Tuesday, January 22, 2013

A More Comprehensive View

Over at The Telegraph Ambrose Evans-Pritchard presents the pros and cons of Abenomics, with a bias toward an acceptance of Abe's program as being more than just a way of buying victory in the July House of Councillor's election. (Link)

I will admit it: I am a sucker for anyone who pays proper respect to Takahashi Korekiyo. Keysnesians of all nations should lay wreaths on the pedestal of the old man's statue (it is in the park next to the Canadian Embassy -- the former site of his home, the building having been moved to the Edo-Tokyo Open Air Architectural Museum) on the February 26 anniversary of his assassination.

Statue of Finance Minister Takahashi Korekiyo
Minato Ward, Tokyo Metropolitan District
June 12, 2007
Image credit: MTC
Former prime ministers have returned to the government as finance ministers three times in the modern era. Takahashi was the first to do so. His record of leading Japan out of the Great Depression places him in the pantheon of the greats of not Japanese but World History.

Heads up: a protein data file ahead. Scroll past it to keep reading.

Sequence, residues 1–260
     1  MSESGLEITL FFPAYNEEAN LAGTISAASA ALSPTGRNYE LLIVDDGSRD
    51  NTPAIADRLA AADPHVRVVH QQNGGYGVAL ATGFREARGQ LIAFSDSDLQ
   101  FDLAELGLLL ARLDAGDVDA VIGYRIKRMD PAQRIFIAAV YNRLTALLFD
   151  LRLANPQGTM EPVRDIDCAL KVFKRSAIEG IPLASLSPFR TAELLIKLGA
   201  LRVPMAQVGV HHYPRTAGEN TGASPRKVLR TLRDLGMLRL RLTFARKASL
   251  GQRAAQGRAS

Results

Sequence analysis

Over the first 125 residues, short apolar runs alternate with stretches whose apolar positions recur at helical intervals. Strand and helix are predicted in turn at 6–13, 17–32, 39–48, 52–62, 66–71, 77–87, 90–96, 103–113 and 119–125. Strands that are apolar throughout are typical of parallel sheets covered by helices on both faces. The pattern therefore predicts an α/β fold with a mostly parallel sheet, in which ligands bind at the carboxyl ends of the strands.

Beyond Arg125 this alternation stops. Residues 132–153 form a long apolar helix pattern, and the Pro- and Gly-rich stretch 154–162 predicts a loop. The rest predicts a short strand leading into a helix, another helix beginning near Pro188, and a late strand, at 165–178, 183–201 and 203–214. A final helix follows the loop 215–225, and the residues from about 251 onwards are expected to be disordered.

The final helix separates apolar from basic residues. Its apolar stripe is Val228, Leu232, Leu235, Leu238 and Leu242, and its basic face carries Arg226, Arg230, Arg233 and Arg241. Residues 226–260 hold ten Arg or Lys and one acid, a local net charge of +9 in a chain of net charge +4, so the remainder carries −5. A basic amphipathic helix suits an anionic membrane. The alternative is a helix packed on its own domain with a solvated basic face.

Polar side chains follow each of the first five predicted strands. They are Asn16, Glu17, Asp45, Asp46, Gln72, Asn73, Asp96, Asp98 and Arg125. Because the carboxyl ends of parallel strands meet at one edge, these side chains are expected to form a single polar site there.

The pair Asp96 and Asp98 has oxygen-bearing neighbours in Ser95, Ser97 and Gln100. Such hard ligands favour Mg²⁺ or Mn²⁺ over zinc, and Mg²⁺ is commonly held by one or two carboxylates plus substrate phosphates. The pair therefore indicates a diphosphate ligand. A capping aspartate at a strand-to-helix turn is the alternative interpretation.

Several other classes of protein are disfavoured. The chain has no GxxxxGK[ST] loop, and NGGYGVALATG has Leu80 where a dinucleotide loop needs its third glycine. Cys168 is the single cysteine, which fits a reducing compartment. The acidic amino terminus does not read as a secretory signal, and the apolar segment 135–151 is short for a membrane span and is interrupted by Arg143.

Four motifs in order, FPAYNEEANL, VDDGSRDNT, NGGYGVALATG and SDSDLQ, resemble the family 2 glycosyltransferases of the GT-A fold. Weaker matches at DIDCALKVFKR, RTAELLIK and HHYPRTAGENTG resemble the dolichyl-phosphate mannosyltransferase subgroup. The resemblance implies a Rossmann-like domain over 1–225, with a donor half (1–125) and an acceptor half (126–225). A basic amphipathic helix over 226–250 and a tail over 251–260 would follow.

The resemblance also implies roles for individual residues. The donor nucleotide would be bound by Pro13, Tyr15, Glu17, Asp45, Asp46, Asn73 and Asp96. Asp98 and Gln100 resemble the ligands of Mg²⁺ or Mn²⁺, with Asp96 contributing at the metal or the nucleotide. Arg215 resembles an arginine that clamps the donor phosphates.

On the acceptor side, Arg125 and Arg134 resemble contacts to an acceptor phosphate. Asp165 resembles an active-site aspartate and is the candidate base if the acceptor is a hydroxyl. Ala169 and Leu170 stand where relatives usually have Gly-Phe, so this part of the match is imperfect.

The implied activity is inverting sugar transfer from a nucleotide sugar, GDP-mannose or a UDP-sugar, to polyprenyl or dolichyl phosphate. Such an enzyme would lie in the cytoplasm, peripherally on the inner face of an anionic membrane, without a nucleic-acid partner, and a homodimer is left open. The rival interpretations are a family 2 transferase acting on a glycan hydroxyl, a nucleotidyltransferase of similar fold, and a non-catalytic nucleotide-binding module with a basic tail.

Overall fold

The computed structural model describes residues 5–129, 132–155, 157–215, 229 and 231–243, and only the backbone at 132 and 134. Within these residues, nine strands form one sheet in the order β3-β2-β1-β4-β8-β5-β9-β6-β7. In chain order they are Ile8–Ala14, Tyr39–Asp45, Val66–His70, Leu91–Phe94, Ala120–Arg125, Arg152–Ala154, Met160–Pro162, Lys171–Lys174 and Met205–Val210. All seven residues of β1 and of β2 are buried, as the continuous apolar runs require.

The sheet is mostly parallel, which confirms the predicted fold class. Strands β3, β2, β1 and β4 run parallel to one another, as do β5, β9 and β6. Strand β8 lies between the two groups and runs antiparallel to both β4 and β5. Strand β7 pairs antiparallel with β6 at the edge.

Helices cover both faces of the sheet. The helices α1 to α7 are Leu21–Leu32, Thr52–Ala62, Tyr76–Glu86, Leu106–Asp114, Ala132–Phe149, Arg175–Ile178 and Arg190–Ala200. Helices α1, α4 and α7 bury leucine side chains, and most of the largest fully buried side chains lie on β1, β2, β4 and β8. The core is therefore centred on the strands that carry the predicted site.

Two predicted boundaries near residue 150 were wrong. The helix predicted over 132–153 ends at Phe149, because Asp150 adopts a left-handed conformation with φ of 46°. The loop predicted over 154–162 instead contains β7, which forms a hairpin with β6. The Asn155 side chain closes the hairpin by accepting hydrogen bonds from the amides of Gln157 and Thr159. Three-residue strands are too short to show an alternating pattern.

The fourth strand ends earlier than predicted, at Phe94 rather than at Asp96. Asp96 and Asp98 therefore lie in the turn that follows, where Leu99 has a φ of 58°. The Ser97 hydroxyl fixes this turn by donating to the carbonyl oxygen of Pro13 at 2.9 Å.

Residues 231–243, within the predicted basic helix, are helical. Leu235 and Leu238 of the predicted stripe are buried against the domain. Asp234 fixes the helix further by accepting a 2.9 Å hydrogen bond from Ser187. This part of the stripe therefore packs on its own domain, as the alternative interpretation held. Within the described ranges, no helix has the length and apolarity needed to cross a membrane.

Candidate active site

The second was Miyazawa Kiichi, whose return to the cabinet as finance minister had a decidedly less spectacular effect on the country's economic well-being. Miyazawa will have to be remembered for having been in charge of the Economic Planning Agency during the miracle years*.

Our present finance minister, Ambassador from Mangaland, bon vivant and empathy-challenged (Link) Aso Francisco Taro is the third former PM to take the helm of the nation's financial apparatus in a time of (in this case decidedly minor) economic crisis.

What a degenerate era we live in.

* Miyazawa, despite his huge contribution to the making of post-1945 Japan, has nearly vanished from public consciousness. The only online memorial to him seems to be a bleak page in the Hiroshima prefectural government's online Hall of Worthies. (Link - J)


williambanzai7 said...


Troy said...

I found http://www.mof.go.jp/english/budget/budget/fy2012/e20111224b.pdf ("Japan's Fiscal Condition") last week.

Chart "(2) Trends in General Account Tax Revenues, Total Expenditures and Government Bond Issues" showed how for most of the 1990s Japan was running a reasonably tight fiscal ship.

The construction spending was largely noteworthy in that it was the only deficit spending going on for a long time!